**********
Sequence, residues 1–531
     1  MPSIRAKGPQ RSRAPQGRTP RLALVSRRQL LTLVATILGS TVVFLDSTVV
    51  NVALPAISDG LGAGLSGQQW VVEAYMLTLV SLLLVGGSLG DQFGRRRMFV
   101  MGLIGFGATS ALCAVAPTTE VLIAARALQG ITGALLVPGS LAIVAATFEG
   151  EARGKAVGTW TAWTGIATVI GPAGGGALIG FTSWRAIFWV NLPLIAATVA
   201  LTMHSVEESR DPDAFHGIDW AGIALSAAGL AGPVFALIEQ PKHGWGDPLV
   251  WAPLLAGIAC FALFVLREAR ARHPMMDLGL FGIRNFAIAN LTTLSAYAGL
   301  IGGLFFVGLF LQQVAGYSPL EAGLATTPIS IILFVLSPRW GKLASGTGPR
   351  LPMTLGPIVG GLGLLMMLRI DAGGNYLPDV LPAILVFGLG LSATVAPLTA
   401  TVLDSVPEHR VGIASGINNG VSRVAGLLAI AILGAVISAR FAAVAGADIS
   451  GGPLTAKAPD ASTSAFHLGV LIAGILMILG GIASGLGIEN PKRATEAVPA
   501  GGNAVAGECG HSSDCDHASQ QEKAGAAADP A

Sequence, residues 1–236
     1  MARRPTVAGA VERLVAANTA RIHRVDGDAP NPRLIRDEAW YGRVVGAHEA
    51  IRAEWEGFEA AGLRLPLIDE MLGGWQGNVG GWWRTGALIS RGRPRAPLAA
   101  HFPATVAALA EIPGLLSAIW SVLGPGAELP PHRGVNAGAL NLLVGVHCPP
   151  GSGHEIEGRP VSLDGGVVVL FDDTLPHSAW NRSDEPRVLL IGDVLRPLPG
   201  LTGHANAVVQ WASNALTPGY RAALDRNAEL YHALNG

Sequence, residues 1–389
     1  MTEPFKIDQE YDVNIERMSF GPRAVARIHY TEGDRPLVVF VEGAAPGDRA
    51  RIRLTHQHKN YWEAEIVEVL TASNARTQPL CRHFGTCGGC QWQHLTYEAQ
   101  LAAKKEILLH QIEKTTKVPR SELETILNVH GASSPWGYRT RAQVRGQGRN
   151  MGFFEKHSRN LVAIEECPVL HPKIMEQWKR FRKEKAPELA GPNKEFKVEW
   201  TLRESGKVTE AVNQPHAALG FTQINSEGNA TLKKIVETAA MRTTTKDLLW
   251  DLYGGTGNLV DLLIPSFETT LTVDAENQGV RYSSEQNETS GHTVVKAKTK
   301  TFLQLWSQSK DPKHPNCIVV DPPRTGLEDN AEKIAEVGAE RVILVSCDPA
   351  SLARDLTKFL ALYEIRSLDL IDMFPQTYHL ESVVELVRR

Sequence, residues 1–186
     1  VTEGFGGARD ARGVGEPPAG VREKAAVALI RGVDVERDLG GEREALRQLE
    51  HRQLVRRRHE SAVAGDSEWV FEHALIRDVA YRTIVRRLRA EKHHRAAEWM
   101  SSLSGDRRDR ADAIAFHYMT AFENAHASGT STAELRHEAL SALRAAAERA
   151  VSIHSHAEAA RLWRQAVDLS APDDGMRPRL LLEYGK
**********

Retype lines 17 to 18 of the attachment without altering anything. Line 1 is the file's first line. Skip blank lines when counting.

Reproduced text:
   151  GSGHEIEGRP VSLDGGVVVL FDDTLPHSAW NRSDEPRVLL IGDVLRPLPG
   201  LTGHANAVVQ WASNALTPGY RAALDRNAEL YHALNG